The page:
Soldiers don’t have a union as strong as the Police Association to look after their interests, but at some point, those implicated in the allegations contained in Hit & Run are going to get legal advice, and that advice will be very clear, especially for those on the ground who took part in the raids: shut up.
Earlier this week David Fisher and Nicholas Jones of the New Zealand Herald, and Eileen Goodwin of the Otago Daily Times published a story about how, in an investigation of whether National MP for Southland, Todd Barclay, had unlawfully recorded conversations, he had refused to give a statement to police. I was reminded of two things, first the incompetence of police in their last big investigation into allegation of illegal bugging, and second of the words of Robert H Jackson, the Chief US War Crimes Prosecutor at Nuremberg, who, as a Supreme Court Justice a few years later, reminded lawyers:
"Any lawyer worth his salt will tell the suspect in no uncertain terms to make no statement to police under any circumstances."
It doesn’t matter whether you are Teina Pora, Todd Barclay, or an SAS trooper, it remains good advice. It doesn’t matter if you are clearly guilty; guilty (but can they prove it?); or innocent. Any lawyer worth their salt will tell you to shut up. And no Commission of Inquiry will be able to compel evidence from anyone present while a prosecution remains a possibility.
I do not know whether allegations contained in Hit & Run are true, or whether the allegations, even if true enough to properly found a charge, are capable of being proved by admissible evidence beyond a reasonable doubt. But the Soldiers who were present, those who ordered them to take part, and everyone else involved at whatever level of the New Zealand Defence Force or the New Zealand Government has rights. And one of those rights is to have any allegations against them that need investigating, investigated by a competent authority, without improper pressure being placed on the investigator. They also have the right to have any decision over whether to lay a charge, decided only after a thorough investigation, and considering not only incriminating evidence, but evidence that tends to show their innocence. This is most likely to happen if any criminal investigation begins as soon as possible, and is not prejudiced by a full public inquiry.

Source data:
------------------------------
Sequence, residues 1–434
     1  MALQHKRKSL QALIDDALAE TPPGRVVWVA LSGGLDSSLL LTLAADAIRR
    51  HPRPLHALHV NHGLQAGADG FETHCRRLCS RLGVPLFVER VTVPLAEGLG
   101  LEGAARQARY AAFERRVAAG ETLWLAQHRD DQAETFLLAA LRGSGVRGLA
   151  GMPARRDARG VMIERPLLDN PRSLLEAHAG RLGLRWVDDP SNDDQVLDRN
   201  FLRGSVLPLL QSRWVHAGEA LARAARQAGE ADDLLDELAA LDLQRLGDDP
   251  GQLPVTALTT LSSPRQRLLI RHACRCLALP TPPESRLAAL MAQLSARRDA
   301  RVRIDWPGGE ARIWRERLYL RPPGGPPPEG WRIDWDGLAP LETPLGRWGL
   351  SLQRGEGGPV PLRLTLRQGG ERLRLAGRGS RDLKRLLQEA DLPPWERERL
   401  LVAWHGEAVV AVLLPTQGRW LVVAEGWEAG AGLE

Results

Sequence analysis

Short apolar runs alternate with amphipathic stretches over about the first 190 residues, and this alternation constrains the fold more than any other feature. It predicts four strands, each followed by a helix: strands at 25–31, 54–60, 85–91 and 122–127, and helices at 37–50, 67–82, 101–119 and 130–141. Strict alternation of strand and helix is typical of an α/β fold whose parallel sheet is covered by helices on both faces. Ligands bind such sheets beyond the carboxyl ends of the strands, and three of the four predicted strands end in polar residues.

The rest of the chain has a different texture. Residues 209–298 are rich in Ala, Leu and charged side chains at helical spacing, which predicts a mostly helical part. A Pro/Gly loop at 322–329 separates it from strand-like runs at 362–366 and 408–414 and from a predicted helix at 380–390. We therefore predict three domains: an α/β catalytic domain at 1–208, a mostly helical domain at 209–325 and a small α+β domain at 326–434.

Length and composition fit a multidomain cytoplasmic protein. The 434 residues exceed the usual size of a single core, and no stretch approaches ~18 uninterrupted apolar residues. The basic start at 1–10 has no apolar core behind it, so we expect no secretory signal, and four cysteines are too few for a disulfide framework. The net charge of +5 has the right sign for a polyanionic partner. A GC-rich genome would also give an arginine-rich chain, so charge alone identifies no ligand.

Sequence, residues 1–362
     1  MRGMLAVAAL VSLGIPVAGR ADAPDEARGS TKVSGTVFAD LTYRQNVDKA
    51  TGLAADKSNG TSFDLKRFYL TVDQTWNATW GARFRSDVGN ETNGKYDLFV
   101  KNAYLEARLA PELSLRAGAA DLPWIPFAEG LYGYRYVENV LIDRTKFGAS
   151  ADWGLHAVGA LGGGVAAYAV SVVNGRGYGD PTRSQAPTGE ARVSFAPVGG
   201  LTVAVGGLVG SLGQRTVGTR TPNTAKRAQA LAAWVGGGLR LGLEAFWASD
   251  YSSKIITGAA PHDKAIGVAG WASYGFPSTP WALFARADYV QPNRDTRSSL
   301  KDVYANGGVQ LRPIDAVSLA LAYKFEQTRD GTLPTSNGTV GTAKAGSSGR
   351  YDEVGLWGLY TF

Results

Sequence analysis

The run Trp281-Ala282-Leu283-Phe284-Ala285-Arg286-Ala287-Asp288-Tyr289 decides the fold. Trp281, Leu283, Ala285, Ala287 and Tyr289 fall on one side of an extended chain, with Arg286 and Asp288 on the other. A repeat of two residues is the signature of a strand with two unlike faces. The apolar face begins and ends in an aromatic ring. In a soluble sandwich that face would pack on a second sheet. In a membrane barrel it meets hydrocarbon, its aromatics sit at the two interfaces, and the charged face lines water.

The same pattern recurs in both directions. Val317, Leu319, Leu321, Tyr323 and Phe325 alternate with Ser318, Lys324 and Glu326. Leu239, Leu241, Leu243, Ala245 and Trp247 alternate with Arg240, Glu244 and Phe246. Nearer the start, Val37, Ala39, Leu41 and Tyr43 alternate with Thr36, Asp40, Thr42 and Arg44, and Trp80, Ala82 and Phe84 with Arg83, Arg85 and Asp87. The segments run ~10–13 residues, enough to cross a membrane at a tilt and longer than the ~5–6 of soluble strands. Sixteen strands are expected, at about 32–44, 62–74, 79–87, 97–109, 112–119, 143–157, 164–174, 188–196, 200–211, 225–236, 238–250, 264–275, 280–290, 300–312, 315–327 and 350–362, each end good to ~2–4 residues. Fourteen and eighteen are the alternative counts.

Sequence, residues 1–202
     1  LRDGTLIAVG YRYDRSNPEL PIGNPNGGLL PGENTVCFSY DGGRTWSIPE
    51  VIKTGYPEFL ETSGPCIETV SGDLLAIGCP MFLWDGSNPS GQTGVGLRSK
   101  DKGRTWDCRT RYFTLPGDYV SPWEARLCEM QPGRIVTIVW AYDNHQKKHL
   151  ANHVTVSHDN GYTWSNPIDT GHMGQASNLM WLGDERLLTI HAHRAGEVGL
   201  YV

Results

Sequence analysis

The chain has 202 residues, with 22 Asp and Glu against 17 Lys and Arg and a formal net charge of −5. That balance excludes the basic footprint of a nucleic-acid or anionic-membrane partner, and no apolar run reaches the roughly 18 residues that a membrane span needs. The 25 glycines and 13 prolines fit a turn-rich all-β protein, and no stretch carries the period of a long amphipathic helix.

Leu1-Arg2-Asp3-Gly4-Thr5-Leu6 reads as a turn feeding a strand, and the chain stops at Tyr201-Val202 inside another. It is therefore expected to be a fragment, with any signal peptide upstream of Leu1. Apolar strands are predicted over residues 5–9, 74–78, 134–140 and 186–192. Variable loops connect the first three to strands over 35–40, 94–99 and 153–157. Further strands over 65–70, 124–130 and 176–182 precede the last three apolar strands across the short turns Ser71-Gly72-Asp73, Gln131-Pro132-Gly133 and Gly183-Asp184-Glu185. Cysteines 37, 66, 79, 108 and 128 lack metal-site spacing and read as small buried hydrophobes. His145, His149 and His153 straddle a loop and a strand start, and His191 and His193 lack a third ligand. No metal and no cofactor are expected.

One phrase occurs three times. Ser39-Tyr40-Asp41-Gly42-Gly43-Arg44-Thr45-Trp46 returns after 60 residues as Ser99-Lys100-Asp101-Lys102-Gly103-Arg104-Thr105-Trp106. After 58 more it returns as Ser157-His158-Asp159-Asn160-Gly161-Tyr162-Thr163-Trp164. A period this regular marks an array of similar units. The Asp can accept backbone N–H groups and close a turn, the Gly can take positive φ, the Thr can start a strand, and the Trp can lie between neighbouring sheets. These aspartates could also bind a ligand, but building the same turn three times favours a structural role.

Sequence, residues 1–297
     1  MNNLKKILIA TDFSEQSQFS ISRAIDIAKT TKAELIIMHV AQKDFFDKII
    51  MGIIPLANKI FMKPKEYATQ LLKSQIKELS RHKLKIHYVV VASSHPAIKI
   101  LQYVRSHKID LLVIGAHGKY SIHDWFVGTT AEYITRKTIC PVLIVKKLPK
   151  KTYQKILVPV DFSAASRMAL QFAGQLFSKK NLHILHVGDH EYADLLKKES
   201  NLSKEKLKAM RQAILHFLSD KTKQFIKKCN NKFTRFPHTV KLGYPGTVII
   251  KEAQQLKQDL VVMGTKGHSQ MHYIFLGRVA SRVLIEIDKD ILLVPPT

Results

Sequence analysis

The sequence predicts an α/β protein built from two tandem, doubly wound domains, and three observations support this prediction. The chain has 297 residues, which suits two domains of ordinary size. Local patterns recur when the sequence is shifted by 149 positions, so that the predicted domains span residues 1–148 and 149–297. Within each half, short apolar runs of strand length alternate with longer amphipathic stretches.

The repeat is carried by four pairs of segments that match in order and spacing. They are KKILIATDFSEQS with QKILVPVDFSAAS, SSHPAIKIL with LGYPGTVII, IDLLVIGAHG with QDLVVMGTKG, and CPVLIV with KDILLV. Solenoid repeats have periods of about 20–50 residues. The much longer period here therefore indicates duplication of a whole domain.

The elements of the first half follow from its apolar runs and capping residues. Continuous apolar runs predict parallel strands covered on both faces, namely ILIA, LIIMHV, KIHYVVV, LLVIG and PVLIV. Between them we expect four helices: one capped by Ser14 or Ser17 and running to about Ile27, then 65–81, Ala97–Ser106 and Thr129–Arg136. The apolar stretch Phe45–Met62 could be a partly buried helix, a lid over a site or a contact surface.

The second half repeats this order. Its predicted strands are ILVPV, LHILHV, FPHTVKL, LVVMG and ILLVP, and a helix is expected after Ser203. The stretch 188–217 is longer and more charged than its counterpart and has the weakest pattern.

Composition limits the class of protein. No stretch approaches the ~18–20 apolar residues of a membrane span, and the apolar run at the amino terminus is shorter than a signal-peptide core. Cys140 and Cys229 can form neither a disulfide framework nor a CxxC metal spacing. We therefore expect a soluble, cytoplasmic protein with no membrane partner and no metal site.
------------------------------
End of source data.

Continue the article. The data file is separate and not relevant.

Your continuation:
There is nothing to stop the Government starting an inquiry. There will be some aspects of what has happened that will be able to inquired into without risking prejudice to a Police investigation, but, as is generally the case with coronial inquests, we will need to recognise that not every question of importance can be answered while questions of whether there will be criminal charges remain unanswered.
In New Zealand, such investigations are a matter for the Police, and decisions over whether to prosecute (in the High Court) are ultimately for the Solicitor-General or Crown Prosecutors. Alternatively, allegations against soldiers may be a matter for the Military Police, leading the possibility of trial at a Court Martial. Neither will have much experience investigating war crimes. In the circumstances, I think the Police are better placed in the case.
There are sometimes reasons to prefer a Court Martial. For example, if the result of the investigation is that there is insufficient evidence to file war crimes charges, but that charges under the Armed Forces Discipline Act for failure to comply with the rules of engagement could be laid against some involved, this could only be done at a Court Martial. However, that is not possible here. There is a time limit for such charges to be brought to Court Martial, and it has well passed. A Police investigation would likely involve assistance from Military Police, and Crown Lawyers in any event.
Nicky Hager and Jon Stephenson have authored a book alleging war crimes; they’re not necessarily certain who, but the describe events that could amount to war crimes committed by New Zealanders. This has consequences.
When confronted with allegations of war crimes, New Zealand is obliged not just to find out what happened, but to investigate, and if appropriate, prosecute. But it would be wrong to pursue an inquiry that may prejudice the rights of those now under suspicion of committing war crimes. Commissions of inquiry do not investigate crimes. This is the job of the Police.
Where Police fail to investigate an alleged war crime, New Zealand has agreed, with the approval of Parliament, that the Prosecutor of the International Criminal Court can step in instead. We should not let that happen.